The old saying goes, “you are your own worst enemy.” And the reason that saying has survived the test of time is because it’s true. Especially for people who are struggling to lose weight. Standing in front of the mirror and picking yourself apart is no way to make a positive change. Especially since our day-to-day lives are already routinely difficult. By becoming too exasperated through self-criticism we take two steps back before we can even take one step forward.
When I say self-criticism I don’t mean the kind that strives to better yourself. That’s an entirely different mode of thinking: one that’s in stark contrast to self-criticism and is better named “self-improvement.” While seeking to improve yourself is about the best ‘you’ that you can be, by pushing yourself to develop the skillset that accentuates who you are, self-criticism is like whipping your back until its gnarly and scarred. Not exactly productive.
And we’ve all been there. Being self-critical is an all-too-human part of being what we are. Maybe we’re not where we expected to be at this point in our lives, or we’ve failed at some task at work, or we made a small mistake by introducing ourselves to someone we’ve already met. Regardless of what we’re beating ourselves up for, what matters is that we’re stuck in a whirlpool of anger directed at ourselves and there’s no dry land in sight.
But you can change.
Criticizing yourself is a habit. Not a mentality you’re stuck with. You can transform self-criticism into self-compassion, and you know what? Self-compassion is much more productive than criticism and lives on the same road as self-improvement. It’s hard to say that anyone has accomplished anything, weight loss or otherwise, by being self-critical. Change begins with loving yourself.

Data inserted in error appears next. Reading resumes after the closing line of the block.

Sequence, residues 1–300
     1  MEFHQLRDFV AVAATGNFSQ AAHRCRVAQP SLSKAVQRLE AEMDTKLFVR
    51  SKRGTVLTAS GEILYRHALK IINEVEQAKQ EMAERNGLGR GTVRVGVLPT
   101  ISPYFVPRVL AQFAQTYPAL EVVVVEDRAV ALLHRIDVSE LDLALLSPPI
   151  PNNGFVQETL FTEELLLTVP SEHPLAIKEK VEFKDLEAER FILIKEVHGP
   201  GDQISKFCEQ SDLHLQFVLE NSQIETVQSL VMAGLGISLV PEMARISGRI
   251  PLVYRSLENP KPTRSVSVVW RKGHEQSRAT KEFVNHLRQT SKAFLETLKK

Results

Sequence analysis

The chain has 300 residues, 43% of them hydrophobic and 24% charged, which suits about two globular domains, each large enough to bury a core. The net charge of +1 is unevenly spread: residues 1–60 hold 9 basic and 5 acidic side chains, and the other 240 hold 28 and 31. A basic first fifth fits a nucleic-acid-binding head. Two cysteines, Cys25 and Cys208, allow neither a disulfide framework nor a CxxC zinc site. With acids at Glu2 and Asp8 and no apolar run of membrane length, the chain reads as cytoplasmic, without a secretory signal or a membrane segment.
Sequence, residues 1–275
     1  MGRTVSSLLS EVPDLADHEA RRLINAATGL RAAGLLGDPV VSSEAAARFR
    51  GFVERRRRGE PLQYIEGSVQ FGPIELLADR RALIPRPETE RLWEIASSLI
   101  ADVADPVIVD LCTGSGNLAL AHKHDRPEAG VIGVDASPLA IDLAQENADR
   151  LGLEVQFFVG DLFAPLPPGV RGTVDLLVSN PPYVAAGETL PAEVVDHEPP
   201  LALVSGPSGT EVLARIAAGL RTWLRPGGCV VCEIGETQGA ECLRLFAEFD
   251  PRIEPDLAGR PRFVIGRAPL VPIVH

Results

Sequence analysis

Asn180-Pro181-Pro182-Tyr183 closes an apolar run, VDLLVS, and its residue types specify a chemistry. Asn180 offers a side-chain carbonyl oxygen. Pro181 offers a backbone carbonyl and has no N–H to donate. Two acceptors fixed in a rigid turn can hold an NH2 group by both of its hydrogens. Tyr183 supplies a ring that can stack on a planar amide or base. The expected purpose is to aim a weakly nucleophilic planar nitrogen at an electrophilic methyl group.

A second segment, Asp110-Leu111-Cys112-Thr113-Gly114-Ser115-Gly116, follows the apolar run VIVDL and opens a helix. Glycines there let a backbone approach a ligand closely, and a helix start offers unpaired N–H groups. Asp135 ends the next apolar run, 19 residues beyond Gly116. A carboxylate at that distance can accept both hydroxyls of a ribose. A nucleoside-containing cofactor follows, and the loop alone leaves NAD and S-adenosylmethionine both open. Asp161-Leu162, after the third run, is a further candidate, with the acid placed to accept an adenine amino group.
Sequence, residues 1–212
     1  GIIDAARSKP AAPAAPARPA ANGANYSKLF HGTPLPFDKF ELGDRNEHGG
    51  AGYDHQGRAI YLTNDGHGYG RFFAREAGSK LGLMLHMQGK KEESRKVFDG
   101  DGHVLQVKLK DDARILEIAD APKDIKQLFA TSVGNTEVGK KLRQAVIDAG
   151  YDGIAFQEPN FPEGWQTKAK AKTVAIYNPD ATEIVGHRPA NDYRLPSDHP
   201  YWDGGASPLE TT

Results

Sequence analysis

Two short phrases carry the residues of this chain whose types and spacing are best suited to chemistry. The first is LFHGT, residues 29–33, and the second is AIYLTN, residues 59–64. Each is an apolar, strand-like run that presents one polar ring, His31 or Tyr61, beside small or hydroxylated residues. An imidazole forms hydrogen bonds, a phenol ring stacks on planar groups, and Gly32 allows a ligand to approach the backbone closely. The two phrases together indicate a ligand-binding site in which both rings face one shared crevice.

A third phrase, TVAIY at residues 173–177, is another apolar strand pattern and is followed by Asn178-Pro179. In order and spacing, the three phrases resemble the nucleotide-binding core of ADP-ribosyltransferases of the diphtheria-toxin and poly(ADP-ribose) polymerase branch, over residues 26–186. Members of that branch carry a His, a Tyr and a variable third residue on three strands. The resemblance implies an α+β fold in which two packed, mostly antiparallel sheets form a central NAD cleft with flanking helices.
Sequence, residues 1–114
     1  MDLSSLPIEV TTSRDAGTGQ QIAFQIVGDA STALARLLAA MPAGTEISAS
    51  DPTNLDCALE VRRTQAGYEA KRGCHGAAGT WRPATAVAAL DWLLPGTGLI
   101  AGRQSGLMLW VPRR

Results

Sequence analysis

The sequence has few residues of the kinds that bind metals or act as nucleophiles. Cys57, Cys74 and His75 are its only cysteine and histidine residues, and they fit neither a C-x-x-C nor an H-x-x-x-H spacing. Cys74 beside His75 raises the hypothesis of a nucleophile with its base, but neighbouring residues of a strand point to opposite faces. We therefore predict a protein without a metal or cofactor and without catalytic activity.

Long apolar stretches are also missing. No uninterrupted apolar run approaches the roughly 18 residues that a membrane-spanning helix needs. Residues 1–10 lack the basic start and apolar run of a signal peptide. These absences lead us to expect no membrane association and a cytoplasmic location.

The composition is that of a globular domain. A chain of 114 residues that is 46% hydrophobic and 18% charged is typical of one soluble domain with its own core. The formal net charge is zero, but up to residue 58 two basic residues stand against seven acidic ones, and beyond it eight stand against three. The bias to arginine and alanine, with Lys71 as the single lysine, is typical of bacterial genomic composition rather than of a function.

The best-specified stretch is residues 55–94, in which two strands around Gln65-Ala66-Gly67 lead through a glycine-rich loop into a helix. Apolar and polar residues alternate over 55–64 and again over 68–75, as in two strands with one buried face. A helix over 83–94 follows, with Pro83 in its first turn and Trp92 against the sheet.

Adopting a compassionate mindset for yourself has been scientifically proven to be beneficial. Not only does it help manage anxiety and keep depression at bay, but having compassion for yourself also fosters a more optimistic outlook of your life—one that motivates you to try new things. Maybe you’ll finally pick up the pen and start writing that memoir you’ve been debating for years but put off because you said, “I’m not good enough.” The truth is, you are good enough.
Too many people approach weight loss from a negative place. They look at the mirror and immediately start outlining self-perceived flaws. What they’re doing is chopping themselves into pieces. How can you expect to go out and create positive change for yourself starting from, what’s often, angry self-criticism? Hence, why so many people fail to achieve their weight loss goals.
Rather, with a self-compassionate attitude, you learn to love yourself first, then start exercising and adopting a new diet. The point is you can’t start with the body until you’ve started with the mind and heart.
Of course, it’s not as if you flick a switch and are instantly more sympathetic towards yourself. Self-compassion requires practice. Think of it as a skill. You don’t just instantly acquire any skill, no matter what it is. No. Self-compassion requires work, and that means daily practice.
The key word to become self-compassionate is “mindfulness.” While the word is used in a variety of contexts it really has one simple meaning: pay attention to your thoughts. When you start to criticize yourself, see your thoughts for what they are: negative, positive, worthy, unworthy. The point is you’ve taken a step back; mindfulness means you don’t get sucked up into your thoughts, but see them from a distance, and try to understand where those thoughts are coming from, why they’re there, and how they’re affecting you.
It may be helpful to use some tools when you’re first starting out to cultivate mindfulness. That might mean self-hypnosis audio tapes, joining a meditation class, a podcast, or visiting a therapist. Whatever helps you hone your mentality to bring attention to those nagging thoughts and trade them in for more positive suggestions.
Because it’s when you cultivate mindfulness that you’ll begin to tinker your mind towards a more positive outlook. And that ultimately will bring you to self-compassion. It’s all connected: your self-awareness, your mental state, and your attitude. And mindfulness is the key that opens to the door to changing these facets of our mentality towards a more healthy outlook. A more healthy, rewarding you.